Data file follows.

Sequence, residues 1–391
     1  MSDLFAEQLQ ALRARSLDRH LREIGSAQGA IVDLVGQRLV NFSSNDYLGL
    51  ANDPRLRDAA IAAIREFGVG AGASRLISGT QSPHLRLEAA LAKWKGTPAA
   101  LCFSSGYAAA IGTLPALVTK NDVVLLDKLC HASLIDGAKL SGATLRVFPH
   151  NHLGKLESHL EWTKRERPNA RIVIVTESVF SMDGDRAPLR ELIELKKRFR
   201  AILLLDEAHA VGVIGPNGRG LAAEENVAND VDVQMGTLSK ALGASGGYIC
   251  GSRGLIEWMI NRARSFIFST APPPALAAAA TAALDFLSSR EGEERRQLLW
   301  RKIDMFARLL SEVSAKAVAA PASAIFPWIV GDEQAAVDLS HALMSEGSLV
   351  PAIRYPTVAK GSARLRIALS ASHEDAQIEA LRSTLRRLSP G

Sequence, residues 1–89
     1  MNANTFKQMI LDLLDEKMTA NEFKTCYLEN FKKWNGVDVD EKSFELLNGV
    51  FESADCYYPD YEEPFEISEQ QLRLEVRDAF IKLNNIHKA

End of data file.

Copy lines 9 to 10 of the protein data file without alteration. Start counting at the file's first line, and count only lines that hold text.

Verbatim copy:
   351  PAIRYPTVAK GSARLRIALS ASHEDAQIEA LRSTLRRLSP G

Sequence, residues 1–89